Vicentine architect Vincenzo Scamozzi was born on 2 September 1548 in Vicenza. His father Gian Domenico Scamozzi (c. 1526–1582) was also an architect and provided his son with the mathematical and architectural foundation. Vincenzo Scamozzi is considered as the architectural heir to Andrea Palladio, both for his conservative classicism and for his architectural theory publications. Additionally, Vincenzo completed several of Palladio’s unfinished projects, such as the Villa Rotonda and the facade of San Giorgio Maggiore.
Vincenzo’s oeuvre proves his intense interest in Palladianism. Vincenzo began his career in Vicenza, and it is most likely that he learned the fundamentals of mathematics from his father. He may have studied at the Seminario Vescovile and the Accademia Olimpica. Some scholars believe that Vincenzo’s early years of study led to his arrogant and pompous demeanor. Contemporary accounts mention his belief in his intellectual superiority. Vincenzo’s 1575 treatise was a product of a strong educational foundation.
Vincenzo’s professional training started with his father. The two architects collaborated in Vicenza on the Villa Ferramosca at Barbano, a project they finished in 1568. A drawing from this project exemplifies that Vincenzo was using Palladian techniques to execute a classical style villa.
Vincenzo wrote L’Idea dell’Architettura Universale (1615). Vincenzo’s theoretical treatise showed an interest in the varying architectural styles present in Italy and other parts of Europe where he visited. Vincenzo began his treatise in 1591. It was supposed to be made up of twelve books; he compacted them, however, to ten, and only six were eventually published by 1615. His project was ambitious, and it is the last example of the traditional Renaissance treatise writing. Vincenzo’s goal was to create and assemble all of the information on architecture within an original framework and to demonstrate an ideal methodology.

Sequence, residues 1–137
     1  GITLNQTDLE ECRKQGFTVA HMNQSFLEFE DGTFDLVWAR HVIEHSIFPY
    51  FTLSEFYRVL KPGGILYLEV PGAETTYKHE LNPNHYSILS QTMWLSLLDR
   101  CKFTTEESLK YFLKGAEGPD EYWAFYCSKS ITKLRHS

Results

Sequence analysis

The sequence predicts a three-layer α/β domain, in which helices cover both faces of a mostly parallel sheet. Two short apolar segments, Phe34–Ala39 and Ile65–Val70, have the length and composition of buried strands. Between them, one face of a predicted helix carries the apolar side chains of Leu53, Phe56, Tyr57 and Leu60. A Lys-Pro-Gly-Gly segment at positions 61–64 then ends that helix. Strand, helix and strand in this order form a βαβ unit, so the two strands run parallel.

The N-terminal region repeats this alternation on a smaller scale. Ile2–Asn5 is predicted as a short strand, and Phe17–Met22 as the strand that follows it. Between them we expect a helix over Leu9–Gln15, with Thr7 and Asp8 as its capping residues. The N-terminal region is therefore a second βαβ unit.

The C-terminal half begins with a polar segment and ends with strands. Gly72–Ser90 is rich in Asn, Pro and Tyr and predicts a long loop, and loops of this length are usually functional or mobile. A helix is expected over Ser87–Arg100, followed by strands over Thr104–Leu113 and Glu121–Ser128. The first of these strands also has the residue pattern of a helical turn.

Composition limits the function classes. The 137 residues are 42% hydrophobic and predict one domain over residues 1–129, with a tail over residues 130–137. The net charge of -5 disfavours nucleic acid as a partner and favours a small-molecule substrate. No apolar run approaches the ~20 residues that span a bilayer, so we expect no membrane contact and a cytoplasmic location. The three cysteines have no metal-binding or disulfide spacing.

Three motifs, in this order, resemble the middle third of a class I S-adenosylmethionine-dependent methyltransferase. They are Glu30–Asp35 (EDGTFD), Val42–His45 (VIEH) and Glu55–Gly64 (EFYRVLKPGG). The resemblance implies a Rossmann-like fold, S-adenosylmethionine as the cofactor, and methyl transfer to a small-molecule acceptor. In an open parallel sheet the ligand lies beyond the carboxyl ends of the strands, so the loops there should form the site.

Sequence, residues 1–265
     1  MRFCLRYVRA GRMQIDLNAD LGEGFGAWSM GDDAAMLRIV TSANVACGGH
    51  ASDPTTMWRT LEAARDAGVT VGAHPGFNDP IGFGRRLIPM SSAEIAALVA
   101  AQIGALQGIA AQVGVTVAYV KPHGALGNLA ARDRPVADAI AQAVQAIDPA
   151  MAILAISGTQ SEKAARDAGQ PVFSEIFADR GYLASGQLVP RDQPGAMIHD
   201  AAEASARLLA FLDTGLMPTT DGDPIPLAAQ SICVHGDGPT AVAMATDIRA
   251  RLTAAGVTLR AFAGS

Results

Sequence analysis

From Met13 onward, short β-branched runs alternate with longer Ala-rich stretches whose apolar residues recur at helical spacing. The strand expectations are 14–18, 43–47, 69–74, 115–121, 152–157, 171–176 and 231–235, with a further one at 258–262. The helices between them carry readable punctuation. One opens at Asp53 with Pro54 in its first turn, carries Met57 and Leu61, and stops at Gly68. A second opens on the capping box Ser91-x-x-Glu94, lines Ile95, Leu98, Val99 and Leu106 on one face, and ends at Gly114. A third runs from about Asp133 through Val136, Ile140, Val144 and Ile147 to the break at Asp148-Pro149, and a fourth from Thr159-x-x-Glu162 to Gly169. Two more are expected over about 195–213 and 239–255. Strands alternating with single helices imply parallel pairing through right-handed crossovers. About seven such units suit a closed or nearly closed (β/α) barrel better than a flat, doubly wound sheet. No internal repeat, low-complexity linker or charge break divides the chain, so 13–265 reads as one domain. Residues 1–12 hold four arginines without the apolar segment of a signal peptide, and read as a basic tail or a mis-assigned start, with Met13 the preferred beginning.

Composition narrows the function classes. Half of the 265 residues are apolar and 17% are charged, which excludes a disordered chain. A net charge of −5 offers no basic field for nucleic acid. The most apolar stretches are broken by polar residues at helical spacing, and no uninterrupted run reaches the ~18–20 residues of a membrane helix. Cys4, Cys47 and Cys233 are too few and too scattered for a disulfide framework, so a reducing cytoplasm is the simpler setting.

Regarding architecture, Vincenzo’s most prestigious accomplishment was the 1576 Rocca Pisani at Lonigo. For this project, he designed the building on a hilltop site; it was small in size, yet complete with one portico. Scholars consider it a version of Palladio’s Rotonda, which emphasizes his allegiance to the Palladian architecture. Vincenzo influenced Inigo Jones, whom he met in 1614 on a visit with Thomas Howard, 2nd Earl of Arundel. Both Jones and Howard collected Vincenzo’s drawings. Vincenzo’s style of drawing influenced Palladianism on an international level. For example, his architecture influenced the creation of the Burlington’s Chiswick House (1725–1729). Vincenzo died in Venice in 1616 at the age of 67.
Reference: Nadia Munari. “Scamozzi.” Grove Art Online. Oxford Art Online. Oxford University Press.
Borys, Ann Marie, Vincenzo Scamozzi and the Chorography of Early Modern Architecture, (Burlington: Routledge, 2014)
Beltramini, G, The Fortunes and Misfortunes of Scamozzi’s “Idea della architettura universale” in Palladian Territory’, An. Archit. Cent., xviii– xix (2006–2007), pp. 199–213.
Barbieri, F. and G. Beltramini, Vincenzo Scamozzi: 1548–1616 (Venice, 2003).
Vincenzo Scamozzi, Procuratie Nuove, Venice. Photo: Wolfgang Moroder.
Vincenzo Scamozzi, “Doric Order,” L’Idea della architettura Universale, 1616.
Vincenzo Scamozzi, Villa Molin, near Padua. Photo: Milazzi.
Paolo Veronese, Portrait of Vincenzo Scamozzi, Denver Art Museum.